Abandonment by Wife


#1

My wife has said she is planning on leaving our home because she does not want to be with me any longer. A few days ago we had gotten into a verbal argument in which I told her she had 30 days to move out, but after things had cooled down, I told her she could stay and that I was not forcing her out of the home. As I said, a few days have passed and she has said she is leaving the home to find somewhere else to stay and live. She has also said that she is entitled to the value of half the house and she expects this when she leaves. And she said if she doesn’t get it, she will take me to court and her son will testify that I told her she had 30 days to move out - but as I said I told her she was not being forced out and she could stay in the home - it was just when we were arguing when I said this to her.

My question is, if she decides to leave the home, is she entitled to anything at that point and what are my rights? I purchased the home solely in August 2012 and I was the only individual on the deed to that home. We were just married on December 15th, 2012 and about two weeks after we were married I added her to the deed. Is there are rights she would have to claim the home as hers if she were to leave on her own free will? Can she take me to court in order to try to take the home from me if she does leave? Does she have any ground to stand on because of what I said to her about moving out in 30 days? I also have it in writing where I told her she could stay and that I was not forcing her to move.

Just want to know what my rights are and what protections I should take if she moves out and then tries to turn around and take me to court for possession of the home. Also, if she were to move out on her own and live somewhere else, am I responsible to provide financial “assistance” to her? She has said she talked to a lawyer who said since I am keeping the house and she is moving on, I am responsible to assist her financially. We have only been married about 6 weeks and I want to know if this is true or not also.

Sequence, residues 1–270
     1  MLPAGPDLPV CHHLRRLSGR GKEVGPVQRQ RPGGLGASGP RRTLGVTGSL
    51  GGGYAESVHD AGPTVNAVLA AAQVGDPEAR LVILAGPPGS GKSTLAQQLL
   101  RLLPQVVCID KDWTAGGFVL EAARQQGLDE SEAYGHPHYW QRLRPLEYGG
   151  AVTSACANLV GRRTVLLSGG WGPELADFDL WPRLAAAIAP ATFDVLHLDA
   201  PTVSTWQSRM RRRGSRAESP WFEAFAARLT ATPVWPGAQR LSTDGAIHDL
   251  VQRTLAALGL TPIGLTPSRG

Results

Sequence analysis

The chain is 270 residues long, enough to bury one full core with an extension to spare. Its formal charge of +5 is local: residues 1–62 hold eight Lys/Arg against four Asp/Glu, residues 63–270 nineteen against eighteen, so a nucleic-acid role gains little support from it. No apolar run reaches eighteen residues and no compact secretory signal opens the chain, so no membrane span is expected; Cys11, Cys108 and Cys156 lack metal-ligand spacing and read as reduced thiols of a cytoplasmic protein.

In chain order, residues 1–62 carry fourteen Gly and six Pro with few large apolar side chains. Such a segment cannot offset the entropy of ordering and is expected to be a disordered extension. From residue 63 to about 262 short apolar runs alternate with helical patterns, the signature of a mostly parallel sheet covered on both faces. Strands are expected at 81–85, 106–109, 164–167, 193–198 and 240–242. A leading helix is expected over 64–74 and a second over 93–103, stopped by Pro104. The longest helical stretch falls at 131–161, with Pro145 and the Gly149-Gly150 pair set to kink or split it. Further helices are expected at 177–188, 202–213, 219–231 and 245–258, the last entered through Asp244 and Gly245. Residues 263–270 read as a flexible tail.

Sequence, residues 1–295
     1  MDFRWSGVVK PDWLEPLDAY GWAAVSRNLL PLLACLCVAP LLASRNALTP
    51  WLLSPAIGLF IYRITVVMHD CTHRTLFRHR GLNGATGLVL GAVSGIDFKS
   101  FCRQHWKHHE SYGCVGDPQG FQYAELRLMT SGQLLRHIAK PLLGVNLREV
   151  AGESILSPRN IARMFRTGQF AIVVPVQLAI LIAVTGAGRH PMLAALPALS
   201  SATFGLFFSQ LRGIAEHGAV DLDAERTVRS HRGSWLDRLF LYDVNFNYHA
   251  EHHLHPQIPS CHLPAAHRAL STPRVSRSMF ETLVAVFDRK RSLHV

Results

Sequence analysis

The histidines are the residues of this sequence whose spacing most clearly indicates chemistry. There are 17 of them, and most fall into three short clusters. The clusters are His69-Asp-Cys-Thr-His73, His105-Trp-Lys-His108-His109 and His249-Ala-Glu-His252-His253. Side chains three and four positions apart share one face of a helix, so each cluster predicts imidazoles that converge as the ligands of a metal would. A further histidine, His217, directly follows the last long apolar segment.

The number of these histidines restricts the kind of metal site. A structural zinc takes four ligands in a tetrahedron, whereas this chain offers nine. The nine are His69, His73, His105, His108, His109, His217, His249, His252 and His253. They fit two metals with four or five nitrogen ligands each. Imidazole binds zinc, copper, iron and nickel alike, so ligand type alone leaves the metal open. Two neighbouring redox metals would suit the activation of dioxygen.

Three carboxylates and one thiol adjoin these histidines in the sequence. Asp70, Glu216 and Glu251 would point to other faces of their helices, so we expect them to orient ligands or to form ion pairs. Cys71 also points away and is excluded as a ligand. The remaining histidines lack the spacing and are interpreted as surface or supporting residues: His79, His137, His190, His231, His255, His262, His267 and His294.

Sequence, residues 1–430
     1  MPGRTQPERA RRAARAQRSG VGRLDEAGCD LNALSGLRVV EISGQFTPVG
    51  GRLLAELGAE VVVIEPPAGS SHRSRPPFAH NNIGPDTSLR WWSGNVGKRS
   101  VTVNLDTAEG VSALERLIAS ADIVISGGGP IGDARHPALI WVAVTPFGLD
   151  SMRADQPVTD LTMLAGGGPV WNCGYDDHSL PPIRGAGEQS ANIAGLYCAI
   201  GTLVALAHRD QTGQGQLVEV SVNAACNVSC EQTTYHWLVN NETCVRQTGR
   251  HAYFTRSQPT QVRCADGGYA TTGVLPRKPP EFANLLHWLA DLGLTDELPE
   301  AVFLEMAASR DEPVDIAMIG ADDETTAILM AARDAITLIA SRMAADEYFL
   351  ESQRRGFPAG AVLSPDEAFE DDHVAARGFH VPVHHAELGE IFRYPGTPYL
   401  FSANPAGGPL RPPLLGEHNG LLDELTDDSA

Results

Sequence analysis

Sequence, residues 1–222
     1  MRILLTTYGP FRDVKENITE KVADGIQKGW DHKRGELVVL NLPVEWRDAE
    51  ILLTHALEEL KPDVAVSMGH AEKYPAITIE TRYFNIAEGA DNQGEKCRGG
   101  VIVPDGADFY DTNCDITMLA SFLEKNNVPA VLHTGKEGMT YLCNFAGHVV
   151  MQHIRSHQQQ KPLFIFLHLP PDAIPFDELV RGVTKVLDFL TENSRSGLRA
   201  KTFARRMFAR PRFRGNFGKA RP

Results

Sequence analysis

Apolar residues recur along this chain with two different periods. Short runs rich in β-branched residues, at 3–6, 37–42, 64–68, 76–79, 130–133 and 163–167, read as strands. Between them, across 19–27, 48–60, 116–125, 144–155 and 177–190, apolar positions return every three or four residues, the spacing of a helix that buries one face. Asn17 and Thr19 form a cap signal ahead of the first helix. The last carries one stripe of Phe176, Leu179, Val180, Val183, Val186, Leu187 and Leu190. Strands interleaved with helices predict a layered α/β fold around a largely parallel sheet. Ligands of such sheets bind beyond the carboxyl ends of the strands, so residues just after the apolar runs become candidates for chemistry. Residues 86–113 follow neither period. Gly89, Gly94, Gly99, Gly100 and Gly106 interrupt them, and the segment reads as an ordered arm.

Any assistance or information would be greatly appreciated.


#2

Not an Attorney

Generally, it doesn’t matter who is on the deed or who’s name the mortgage is in. Once you are married, the marital home almost always becomes a marital asset and the value of the house and the debt on the house are usually split 50/50.

However, since your marriage was very short, you may be able to show that your down payment/cash outlay on the house represents the significant value of the house, since it is unlikely that the house appreciated/depreciated much in four months and you can account for four months of payments which are marital if you two were co-mingling funds.

She cannot ‘take’ the home from you, but it will be subject to property division settlement as stated above. Asking her to move out in 30 days would likely have no bearing on anything, especially if she is the one wanting the divorce.

That’s my uneducated guess after much reading, but I’ll be interested to hear what a real attorney’s take is on this situation. A shame you can’t get the marriage annulled after 6 weeks.


#3

Not a Lawyer

Not a lawyer either, but I think a home aquired prior to the marriage, you would only have to divide any increase in value of the home from the date of marriage to the date of separation. One rub is adding her to the deed, which might be construed as “gifting” her a share of the home, but I’ll let a lawyer chime in on that.


#4

The other posters here have some good ideas. There are a lot of arguments you need to explore about the house and the support issues. The court may deem any equity in the property as a gift to the marriage due to your execution of the deed following your wedding. Even though the duration of your marriage was short, you will have to handle the division of assets since the property is titled in both of your names now.

You haven’t said anything about incomes and whether she has the ability to support herself so I can’t answer the question about financial support. Again, due to the short life of the marriage, I find it difficult to believe a judge would order any significant support unless there were interesting circumstances of the case (for example, she quit her job and moved to NC to be with you).